After jotting down my initial thoughts, it occurs to me that I often see this when someone is communicating how to set up for a very specific configuration. Then it is easier to communicate that through screen captures (make your dialogs look like these) than for documentation that has to be more general. So maybe my best response is "That's OK for a very tightly defined configuration and audience (and where accessibility or globalization are not issues), but the official documentation does not have that luxury."

MattBNH said...

Screenshots can be like crack. You don't need it, it can kill you, but you want it bad. Customers and reviewers who have gotten hooked on them in our books complain when even a dirt-stupid obvious screen shot is missing (they must want to see that progress bar frozen in time).
Wireframes, removing changeable version numbers, etc. are all good hints and alternatives.
If you want to see the type of situation where screenshots are necessary, try configuring SSL in IIS using one procedure for all operating systems with no pictures. There are just too many very complex settings with arcane navigation steps to do without pictures. Screen capture videos can be clearer and briefer for end users, but they are no less costly to update.

Suzette said...

Wouldn't it be nice if we could just have a standard answer? I think it just depends. It depends on the complexity of the task and UI, it depends on the experience level of the audience, and to some degree it depends on the maintenance required and priority it would receive during updates. Oh, and of course, accessibility may play a role too. While I'm on the it depends path, it also depends on the output.

For example, if the user is a beginning user or a user who does not sit at the computer all day, and the documentation is delivered via context-sensitive online help, we typically don't use screen shots. I like to use a rule of thumb that we should only use screen shots when they add value or clarify the steps that would be unclear without them. Of course, this is still largely subjective. We do output these to print such as User Guides, but not to quick references.

Michael Hughes said...

Thanks for the many fine comments so far. I think there can be an inherent laziness about screen shots in that they let us get away with a really glitzy way of saying "Check the Enabled box" without having to explain when, why, and when not.

Suzette said...

Your comments make me wonder whether usability studies have been conducted that compare and contrast the usability of instructions with and without screen shots.

Michael Hughes said...

Graduate students looking for a useful research project! Suzette has identified an excellent opportunity.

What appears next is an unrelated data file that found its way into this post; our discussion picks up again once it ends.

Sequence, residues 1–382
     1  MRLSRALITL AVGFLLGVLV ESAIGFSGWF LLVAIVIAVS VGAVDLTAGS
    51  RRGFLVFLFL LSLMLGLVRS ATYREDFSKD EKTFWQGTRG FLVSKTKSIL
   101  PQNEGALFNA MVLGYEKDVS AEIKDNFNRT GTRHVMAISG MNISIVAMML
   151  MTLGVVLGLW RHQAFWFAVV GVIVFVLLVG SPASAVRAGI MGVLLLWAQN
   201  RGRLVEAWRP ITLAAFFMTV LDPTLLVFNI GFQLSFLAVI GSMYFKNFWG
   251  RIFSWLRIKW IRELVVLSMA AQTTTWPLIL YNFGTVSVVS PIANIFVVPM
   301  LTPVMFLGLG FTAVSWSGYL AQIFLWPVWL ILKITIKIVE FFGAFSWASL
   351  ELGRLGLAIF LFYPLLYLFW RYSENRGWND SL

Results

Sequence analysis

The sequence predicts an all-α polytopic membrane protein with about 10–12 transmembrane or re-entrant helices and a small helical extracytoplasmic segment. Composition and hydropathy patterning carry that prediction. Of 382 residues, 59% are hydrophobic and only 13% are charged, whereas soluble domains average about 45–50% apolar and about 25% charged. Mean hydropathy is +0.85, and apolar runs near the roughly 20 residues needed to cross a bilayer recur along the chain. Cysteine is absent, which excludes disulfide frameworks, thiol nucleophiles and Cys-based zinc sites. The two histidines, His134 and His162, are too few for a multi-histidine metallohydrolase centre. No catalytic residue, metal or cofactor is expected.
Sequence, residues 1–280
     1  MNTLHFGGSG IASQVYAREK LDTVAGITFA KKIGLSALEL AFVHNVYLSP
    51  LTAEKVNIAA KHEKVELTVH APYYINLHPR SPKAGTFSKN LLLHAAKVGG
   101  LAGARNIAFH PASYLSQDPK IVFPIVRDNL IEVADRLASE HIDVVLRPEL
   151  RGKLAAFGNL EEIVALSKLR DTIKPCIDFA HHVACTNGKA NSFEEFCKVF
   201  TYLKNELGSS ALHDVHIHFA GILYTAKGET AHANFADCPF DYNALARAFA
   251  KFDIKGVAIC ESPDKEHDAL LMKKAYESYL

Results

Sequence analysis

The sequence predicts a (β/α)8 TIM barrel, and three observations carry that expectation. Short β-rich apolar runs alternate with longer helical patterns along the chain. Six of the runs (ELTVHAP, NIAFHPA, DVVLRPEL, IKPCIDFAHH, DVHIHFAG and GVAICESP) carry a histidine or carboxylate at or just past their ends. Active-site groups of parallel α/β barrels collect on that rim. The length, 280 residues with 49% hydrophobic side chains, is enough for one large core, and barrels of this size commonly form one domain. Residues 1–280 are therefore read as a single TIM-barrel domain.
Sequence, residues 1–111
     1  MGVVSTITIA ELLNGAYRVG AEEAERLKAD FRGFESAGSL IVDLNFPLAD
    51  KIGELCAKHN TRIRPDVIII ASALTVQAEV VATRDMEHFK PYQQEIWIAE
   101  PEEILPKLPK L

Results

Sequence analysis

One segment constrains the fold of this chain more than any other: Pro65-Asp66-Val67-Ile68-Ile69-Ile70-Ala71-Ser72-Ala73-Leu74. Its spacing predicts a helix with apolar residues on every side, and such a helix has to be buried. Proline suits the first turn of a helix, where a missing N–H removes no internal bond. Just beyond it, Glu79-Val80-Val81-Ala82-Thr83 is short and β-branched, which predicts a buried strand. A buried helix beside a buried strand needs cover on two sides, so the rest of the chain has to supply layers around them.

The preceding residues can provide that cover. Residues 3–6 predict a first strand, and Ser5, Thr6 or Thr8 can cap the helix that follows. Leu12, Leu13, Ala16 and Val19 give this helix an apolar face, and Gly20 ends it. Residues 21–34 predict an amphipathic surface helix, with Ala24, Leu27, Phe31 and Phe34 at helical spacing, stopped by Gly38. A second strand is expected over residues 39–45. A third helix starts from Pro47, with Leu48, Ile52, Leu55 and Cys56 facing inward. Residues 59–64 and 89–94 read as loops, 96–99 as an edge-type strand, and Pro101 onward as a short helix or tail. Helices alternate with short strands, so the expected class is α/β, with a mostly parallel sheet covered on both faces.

MichaelC said...

To me the "when, why, and when nots" are what distinguishes reference documentation from user documentation...the systems I've documented are often complex enough for basic tasks. It all depends on who the users are and what they are doing with it.

Michael Hughes said...

Maybe I'm reading you backwards, MichaelC. When, why, and when nots would NOT be in reference-that info is the core information that user assistance should deliver. To me, reference is more for how big, what's the syntax, etc. type of stuff. A reference book on Ireland would give me the area, population, and average temperatures. A travel guide (user's guide) would tell me when to go there and where for different interest areas.

Andrew Light said...

Great discussion. For a client some time ago, I tried a "please everyone" approach. At the beginning of a procedure's documentation, we did a text-only write-up. Advanced users appreciated the 1-page cut-and-dry. Then, we followed it up with the hand-holding section, complete with screen-shots and the like. This way, the reader can decide what they get based on what they need.

Peter said...

In our computer hardware user manuals we used to include screenshots of every step in the installation process of the Windows Software drivers. That's the typical Windows installation of: Next, Next, Next, Finish.

Nothing unusual.

I came into the company after that had started and we created a process so we could capture and recreate the whole sequence in 3 hours.

Nevertheless, as a group we decided to just forgo the whole section and just explain that each item shown in the main menu must be installed.

Over a year later, no customer has complained (they're pretty liberal with complaints through our sales and support staff) and a single project manager asked, "Didn't we use to include those?"

The other benefit is that we've now cut about 5-10% off the document production time and can put those efforts into other areas that really do need better explanation.

John said...

The point of documentation is not to describe the features of a product, the point is to help people use it.

Regarding your first two points, that creating screenshots uses resources, the objection you give assumes that one has the resources to do the screenshots. Time spent making screenshots is time spent not doing other potentially more useful stuff, like writing. Populating a document with screenshots without understanding their cost and value is just poor product management. Since many documentation writers don't take the time to understand what the user actually needs, they take the blunderbuss approach and "document everything", including every "Click OK" dialog.

What users want is meaty content. Putting in screenshots is saying "Let them eat fluff".

Are all screenshots bad? No. Should you spend time making / maintaining screenshots without understanding the cost / value relationship? No way!